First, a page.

穆迪警告称，这两种面值的货币突然停止流动，可能会带来短暂的痛苦，而事实也确实如此： 印度不止没有准备好新面值的钞票，国内为数不多的ATM机也没有做好准备。这些机器需要经过重新配置，才能处理新钞。由于数以百万计的印度人要在银行排队等待数天时间（甚至有报道称，有数十人因为排队死亡），导致国内经济完全陷入了停滞。现金短缺导致其他人选择了以物易物，而高盛（Goldman Sachs）将印度2017年的GDP预期下调了1.5%。
The same night that Donald Trump stunned pundits and became America’s President-elect, Indian Prime Minister Narendra Modi dropped a bomb of his own: At midnight, his country’s 500- and 1,000-rupee notes would become “worthless little slips of paper.” He was taking those notes (worth about $7.37 and $14.74, respectively), amounting to 86% of India’s currency, out of circulation. Indians were given until Dec. 30 to swap their old bills for new ones.
Modi warned that the surprise demonetization might involve short-term pain, and it has: The new bills weren’t ready, nor were the nation’s few ATMs, which had to be reconfigured to distribute them. The economy all but ground to a halt as millions spent their days waiting in bank lines (dozens, according to reports, died doing so). The cash crunch has led others to resort to bartering, and Goldman Sachs has shaved 1.5% from its 2017 GDP forecast for India.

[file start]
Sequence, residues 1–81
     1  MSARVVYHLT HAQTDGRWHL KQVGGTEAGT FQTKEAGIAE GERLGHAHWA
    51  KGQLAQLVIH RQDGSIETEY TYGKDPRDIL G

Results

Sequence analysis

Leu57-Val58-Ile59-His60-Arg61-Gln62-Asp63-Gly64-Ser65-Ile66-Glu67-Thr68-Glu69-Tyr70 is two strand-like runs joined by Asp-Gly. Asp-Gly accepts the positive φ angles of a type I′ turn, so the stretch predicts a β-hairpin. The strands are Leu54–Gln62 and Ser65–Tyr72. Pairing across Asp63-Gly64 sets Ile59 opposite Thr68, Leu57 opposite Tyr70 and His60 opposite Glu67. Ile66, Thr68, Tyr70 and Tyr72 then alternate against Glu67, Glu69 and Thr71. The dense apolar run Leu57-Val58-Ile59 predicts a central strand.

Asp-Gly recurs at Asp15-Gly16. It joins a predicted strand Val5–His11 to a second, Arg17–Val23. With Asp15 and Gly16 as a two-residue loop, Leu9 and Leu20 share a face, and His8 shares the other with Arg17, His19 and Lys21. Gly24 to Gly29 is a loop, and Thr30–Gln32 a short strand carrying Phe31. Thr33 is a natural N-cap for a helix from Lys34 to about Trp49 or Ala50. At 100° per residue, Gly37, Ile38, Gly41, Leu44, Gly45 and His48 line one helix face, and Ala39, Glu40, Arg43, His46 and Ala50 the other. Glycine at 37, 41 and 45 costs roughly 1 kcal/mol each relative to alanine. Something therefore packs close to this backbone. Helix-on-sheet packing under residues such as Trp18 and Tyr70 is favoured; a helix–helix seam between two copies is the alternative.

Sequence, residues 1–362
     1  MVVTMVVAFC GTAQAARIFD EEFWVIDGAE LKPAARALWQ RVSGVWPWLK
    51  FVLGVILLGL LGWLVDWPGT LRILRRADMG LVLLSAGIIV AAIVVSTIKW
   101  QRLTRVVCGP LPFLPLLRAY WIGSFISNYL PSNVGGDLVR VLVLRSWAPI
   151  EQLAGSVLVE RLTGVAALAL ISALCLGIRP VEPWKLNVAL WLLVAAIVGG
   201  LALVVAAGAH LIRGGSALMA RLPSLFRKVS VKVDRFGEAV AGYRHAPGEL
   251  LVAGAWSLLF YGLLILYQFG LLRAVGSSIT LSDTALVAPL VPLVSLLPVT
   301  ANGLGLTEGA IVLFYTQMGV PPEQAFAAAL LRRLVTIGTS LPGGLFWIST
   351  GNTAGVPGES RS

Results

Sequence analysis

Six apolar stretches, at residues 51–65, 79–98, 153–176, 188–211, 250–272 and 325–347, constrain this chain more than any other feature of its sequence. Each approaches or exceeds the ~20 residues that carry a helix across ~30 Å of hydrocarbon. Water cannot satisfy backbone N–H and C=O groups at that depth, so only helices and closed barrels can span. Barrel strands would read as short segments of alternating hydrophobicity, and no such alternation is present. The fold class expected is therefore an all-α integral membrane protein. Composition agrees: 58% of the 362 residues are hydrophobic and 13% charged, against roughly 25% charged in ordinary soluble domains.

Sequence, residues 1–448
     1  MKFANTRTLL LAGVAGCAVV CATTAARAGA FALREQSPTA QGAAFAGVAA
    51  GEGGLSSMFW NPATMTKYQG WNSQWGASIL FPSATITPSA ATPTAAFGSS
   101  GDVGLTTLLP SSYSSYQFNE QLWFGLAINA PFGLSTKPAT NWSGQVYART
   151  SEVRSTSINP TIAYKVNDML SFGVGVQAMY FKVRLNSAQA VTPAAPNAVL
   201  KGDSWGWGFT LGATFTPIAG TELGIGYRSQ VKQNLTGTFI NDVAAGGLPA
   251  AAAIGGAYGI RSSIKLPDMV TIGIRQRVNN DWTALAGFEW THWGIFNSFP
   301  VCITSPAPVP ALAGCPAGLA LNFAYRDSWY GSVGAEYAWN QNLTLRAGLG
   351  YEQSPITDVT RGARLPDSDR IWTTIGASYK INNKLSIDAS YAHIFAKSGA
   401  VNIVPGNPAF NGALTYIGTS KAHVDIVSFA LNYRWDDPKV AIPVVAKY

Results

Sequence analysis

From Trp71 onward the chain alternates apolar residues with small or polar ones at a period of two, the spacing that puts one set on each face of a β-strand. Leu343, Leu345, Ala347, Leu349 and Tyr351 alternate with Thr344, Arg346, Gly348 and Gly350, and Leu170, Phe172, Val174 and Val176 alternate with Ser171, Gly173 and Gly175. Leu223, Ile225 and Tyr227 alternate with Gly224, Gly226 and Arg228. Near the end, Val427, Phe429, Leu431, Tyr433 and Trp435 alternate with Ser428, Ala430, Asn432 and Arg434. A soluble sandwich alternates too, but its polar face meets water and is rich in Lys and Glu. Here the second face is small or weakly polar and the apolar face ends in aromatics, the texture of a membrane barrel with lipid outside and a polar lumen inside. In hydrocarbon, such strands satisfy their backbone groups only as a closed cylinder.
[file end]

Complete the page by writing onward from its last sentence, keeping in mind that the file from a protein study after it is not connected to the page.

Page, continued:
Many are skeptical the scheme will achieve its original aim—eradicating the untaxed “black money” that fuels corruption. But there’s another likely benefit: 90% of transactions in India involve cash, and the lack of it has boosted alternatives. Bitcoin and digital payment use have surged (fewer than 2% of Indians have credit cards). India may be on the way to a more efficient, cashless economy—it’s just going to be a bumpy ride.